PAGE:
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Are low-energy open ankle fractures in the elderly the new geriatric hip fracture?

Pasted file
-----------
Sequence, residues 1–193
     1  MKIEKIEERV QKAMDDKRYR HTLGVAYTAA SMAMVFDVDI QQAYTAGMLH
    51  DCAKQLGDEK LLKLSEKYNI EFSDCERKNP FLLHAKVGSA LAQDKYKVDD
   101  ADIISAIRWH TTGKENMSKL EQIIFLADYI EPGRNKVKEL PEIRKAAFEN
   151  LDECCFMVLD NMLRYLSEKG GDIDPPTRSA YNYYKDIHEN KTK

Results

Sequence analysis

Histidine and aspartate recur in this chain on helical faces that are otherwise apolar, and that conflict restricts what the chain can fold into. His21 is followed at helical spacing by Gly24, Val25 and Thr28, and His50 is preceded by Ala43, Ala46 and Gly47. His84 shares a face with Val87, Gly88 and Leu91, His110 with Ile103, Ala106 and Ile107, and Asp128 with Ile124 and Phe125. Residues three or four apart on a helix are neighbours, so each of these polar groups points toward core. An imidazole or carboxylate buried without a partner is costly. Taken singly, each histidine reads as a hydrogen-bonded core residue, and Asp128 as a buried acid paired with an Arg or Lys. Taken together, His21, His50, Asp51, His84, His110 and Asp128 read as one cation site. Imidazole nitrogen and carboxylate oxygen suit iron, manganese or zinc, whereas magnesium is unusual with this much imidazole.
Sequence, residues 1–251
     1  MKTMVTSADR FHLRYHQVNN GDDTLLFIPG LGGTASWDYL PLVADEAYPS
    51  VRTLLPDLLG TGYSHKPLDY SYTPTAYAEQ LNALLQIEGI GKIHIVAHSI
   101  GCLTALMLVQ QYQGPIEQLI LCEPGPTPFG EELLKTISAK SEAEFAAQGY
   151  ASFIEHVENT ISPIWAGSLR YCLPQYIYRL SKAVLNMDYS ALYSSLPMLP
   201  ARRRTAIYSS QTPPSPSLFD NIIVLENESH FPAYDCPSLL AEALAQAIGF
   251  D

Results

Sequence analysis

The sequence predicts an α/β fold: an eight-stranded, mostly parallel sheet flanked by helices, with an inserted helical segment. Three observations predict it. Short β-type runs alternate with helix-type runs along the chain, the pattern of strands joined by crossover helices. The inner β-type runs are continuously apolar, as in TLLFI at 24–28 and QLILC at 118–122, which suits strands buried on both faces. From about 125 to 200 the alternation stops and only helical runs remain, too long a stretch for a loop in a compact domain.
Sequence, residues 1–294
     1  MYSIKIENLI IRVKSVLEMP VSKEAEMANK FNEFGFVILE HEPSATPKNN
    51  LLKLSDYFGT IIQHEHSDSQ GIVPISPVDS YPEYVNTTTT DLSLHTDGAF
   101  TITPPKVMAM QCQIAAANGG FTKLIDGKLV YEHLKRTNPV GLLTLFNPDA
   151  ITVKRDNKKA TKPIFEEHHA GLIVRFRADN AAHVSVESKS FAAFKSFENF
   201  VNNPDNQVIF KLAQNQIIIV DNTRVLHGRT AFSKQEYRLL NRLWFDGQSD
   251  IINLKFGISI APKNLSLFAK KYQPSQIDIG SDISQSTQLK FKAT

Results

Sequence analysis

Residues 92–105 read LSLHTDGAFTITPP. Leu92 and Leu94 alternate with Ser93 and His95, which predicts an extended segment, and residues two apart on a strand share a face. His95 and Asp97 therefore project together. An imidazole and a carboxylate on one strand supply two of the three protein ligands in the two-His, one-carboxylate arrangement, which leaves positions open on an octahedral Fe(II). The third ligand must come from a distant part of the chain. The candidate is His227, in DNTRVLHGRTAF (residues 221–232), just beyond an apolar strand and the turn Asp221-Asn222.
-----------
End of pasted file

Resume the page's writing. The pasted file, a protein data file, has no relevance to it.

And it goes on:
As the geriatric population in the United States continues to increase, ankle fractures in the elderly are predicted to exponentially increase in the future. As such, these injuries will become a common injury seen by physicians in various fields. Currently, no studies discussing low-energy open ankle fractures in the elderly and/or the mortality rate associated with these devastating injuries have been published. The purpose of the present study was to retrospectively review the morality rate associated with low-energy open ankle fractures in the elderly. We retrospectively identified 11 patients >60 years old who had sustained low-energy open ankle fractures and been treated at our institution. The patient demographics, mechanism of injury, wound size, medical comorbidities, treatment, follow-up data, and outcomes were recorded. Low-energy falls were defined as ground level falls from sitting or standing. The mean age of the patients was 70.72 years, with a mean body mass index of 35.93 ± 10.24. Of the 11 patients, 9 (81.81%) had ≥3 comorbidities (i.e., hypertension, diabetes, coronary artery disease, congestive heart failure, and/or chronic obstructive pulmonary disease). The mean size of the medially based ankle wound was 14.18 ± 4.12 cm; 10 (90.90%) were Gustilo and Anderson grade IIIA open ankle fractures. In our study, low-energy open ankle fractures in the elderly, very similar to hip fractures, were associated with a high mortality incidence (27.27%) at a mean of 2.67 ± 2.02 months, and 81.81% of our patients had ≥3 medical comorbidities.

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